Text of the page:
Ricky Byrdsong's death at hands of white supremacist still prevalent 20 years later

Two weeks from now, it will be 20 years since a white supremacist killed popular former Northwestern basketball coach Ricky Byrdsong, bringing nationwide attention to hate crimes in the Heartland.

It was drizzling and cold in Evanston Sunday morning, as 4,500 people left the starting gate of the YWCA's annual Race Against Hate. But the real starting line for this race was on a hot summer night in Skokie, 20 years ago.

“And then, I just saw, from behind me I could see a blue car turn,” said Kelley Byrdsong, daughter of Ricky.

Kelley and her brother were riding bikes alongside their dad, Ricky, when a man driving a light blue car sprayed the sidewalk with bullets.

“My dad, he just started yelling, ‘help, help, help’, and he was jumping up and down, and then at some point, he just fell to the ground,” said Kelley.

The children weren't hit, but their father was killed.

“He was a genuinely good guy. Just had a big heart, just loved people,” said Sherialyn Byrdsong, Ricky’s wife. “Loved young people, was committed to his players as a basketball coach.”

The killer was Benjamin Smith, a young white supremacist from Wilmette.  

Over that Fourth of July weekend, he shot and killed Ricky and 27-year-old Woon June Yoon, in Bloomington, Indiana. He also wounded nine other people, including six Jewish residents of Rogers Park, before taking his own life. 

Smith was a top aide to white supremacist Matthew Hale, the leader of his own downstate church, who said 20 years ago he had no sympathy for Smith's victims.

“In our church, having compassion for non-whites is like having compassion for when an animal died, or an insect. Our compassion extends only to our own people,” said Hale, in 1999.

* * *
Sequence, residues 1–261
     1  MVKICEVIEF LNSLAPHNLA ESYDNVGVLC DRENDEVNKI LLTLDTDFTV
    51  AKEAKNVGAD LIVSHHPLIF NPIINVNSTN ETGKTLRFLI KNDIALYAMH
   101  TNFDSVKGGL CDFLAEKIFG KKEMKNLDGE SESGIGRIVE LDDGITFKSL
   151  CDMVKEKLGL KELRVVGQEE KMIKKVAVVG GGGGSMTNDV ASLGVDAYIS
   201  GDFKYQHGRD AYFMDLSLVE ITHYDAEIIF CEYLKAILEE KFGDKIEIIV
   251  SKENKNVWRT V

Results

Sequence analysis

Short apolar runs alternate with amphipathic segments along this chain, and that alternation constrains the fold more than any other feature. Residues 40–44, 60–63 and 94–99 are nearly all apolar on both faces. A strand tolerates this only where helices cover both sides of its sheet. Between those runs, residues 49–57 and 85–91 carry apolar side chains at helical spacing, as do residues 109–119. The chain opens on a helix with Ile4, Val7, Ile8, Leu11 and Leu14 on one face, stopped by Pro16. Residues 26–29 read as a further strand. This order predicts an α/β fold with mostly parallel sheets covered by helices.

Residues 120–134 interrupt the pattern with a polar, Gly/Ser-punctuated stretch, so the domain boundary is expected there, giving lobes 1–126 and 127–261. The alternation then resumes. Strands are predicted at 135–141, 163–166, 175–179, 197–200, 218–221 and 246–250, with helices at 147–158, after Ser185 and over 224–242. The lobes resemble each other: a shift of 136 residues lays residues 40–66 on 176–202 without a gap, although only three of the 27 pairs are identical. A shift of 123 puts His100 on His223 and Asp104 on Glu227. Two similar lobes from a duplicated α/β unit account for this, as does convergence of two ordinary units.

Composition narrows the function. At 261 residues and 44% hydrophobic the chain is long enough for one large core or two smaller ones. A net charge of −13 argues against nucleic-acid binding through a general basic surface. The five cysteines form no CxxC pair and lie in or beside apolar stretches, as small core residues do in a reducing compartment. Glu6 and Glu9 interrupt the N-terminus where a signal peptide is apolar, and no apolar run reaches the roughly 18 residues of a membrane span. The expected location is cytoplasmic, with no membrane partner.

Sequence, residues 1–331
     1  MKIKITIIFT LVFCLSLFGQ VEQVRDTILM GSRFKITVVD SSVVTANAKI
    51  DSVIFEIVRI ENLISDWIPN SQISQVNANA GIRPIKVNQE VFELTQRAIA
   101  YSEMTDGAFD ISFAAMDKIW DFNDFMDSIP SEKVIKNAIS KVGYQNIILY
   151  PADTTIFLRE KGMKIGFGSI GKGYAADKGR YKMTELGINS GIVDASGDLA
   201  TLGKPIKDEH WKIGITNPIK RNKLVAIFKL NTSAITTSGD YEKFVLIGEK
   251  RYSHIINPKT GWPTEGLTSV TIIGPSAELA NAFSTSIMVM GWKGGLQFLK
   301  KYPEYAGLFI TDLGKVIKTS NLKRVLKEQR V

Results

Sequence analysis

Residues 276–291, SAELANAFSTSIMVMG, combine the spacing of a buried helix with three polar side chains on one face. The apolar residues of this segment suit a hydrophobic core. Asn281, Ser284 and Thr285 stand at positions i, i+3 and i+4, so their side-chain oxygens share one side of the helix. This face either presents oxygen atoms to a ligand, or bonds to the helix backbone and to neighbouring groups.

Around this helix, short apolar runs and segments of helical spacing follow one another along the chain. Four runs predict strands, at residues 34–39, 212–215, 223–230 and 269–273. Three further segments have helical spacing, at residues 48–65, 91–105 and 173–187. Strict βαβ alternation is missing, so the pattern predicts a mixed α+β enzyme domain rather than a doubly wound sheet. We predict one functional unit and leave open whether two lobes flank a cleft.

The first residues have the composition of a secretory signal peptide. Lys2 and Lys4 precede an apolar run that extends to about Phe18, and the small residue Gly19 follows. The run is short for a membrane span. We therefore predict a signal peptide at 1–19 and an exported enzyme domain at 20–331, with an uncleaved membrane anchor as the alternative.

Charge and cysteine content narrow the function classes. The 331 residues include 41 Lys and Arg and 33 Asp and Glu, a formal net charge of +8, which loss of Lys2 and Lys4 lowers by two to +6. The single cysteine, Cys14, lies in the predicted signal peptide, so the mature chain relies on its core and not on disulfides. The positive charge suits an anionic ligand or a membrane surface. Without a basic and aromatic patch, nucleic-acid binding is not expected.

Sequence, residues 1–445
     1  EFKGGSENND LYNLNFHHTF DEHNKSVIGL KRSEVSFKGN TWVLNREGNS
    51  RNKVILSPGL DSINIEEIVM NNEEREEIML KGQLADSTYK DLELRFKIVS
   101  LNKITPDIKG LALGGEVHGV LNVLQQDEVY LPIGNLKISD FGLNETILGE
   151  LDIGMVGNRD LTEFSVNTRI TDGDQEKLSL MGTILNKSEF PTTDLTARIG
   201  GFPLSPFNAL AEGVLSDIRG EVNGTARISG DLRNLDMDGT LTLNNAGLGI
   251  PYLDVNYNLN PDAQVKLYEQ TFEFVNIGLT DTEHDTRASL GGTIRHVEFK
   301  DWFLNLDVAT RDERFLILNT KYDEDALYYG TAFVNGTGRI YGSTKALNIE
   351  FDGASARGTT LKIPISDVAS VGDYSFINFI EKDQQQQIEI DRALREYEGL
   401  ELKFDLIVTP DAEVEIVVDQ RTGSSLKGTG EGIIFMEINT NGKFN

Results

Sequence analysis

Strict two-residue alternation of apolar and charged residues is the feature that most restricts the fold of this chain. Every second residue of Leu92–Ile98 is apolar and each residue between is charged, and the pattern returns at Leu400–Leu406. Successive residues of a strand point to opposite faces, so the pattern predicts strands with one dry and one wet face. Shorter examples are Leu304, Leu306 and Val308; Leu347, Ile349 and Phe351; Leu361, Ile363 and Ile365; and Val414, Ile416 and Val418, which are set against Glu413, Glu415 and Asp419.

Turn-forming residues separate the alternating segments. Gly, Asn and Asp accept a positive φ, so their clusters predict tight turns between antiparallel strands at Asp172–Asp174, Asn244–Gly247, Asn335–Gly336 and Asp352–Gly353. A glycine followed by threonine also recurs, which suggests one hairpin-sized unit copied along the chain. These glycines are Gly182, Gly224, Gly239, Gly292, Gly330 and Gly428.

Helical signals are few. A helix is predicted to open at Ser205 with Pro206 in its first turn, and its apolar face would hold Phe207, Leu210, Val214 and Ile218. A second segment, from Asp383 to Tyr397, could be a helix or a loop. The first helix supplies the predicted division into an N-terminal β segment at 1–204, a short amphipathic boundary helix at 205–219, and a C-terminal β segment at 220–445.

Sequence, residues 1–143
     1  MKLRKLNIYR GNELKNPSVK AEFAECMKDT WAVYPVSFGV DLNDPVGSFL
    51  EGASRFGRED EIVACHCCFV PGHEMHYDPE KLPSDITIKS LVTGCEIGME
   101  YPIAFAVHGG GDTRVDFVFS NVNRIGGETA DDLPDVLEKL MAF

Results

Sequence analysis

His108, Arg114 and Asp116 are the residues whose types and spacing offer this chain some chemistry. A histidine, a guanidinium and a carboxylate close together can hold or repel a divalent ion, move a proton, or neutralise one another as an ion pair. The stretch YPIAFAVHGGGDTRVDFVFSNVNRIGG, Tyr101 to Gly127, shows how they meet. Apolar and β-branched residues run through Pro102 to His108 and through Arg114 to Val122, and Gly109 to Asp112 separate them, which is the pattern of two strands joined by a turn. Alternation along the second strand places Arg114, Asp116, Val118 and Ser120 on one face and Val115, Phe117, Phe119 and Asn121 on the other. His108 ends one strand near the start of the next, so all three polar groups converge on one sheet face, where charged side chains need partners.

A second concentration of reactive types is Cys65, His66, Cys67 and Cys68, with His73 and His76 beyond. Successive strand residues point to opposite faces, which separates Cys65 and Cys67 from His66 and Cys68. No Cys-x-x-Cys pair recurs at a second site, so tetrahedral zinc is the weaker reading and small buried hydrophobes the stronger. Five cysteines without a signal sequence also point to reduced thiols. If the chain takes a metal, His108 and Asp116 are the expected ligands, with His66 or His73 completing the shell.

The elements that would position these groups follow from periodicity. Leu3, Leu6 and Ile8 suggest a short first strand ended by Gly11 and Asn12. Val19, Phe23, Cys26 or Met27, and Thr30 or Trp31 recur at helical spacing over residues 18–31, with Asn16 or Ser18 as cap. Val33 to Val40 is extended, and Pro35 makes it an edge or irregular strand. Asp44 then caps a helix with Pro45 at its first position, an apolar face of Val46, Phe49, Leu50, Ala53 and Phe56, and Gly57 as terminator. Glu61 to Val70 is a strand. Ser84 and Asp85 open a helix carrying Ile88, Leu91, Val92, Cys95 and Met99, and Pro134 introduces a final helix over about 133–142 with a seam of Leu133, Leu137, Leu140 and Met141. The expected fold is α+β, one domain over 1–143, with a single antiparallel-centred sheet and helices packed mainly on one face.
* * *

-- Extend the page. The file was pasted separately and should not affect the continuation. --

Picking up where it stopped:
Five years after the Smith shootings, Hale was convicted of soliciting the murder of a judge at the Dirksen Federal Building. He's currently serving a 40-year sentence at a supermax prison in Colorado.

Smith's two-state shooting spree focused new attention on violence by extremists groups, but experts say the situation's gotten worse.

“The unfortunate reality is that over the last 20 years, we've seen a steady increase in these types of crimes,” said David Goldenberg of the Anti-Defamation League.

The Anti-Defamation League says, for example, that anti-Semitic incidents nationwide last year reached the third highest level in the last 40 years. The Southern Poverty Law Center says the number of hate groups in the U.S. last year rose to an all-time high.

But statistics like those do not seem to dampen the hopes of those who started the Race Against Hate to remember Ricky.

“I think one of the things that makes me hopeful is that people are getting galvanized and are getting activated to want to do something,” said Karen Singer of the YWCA Evanston/North Shore.

“I think the Race Against Hate every year is like Evanston’s shining moment,” said Sherialyn. “It shows our community just how we have all responded to turn the tragedy into victory.”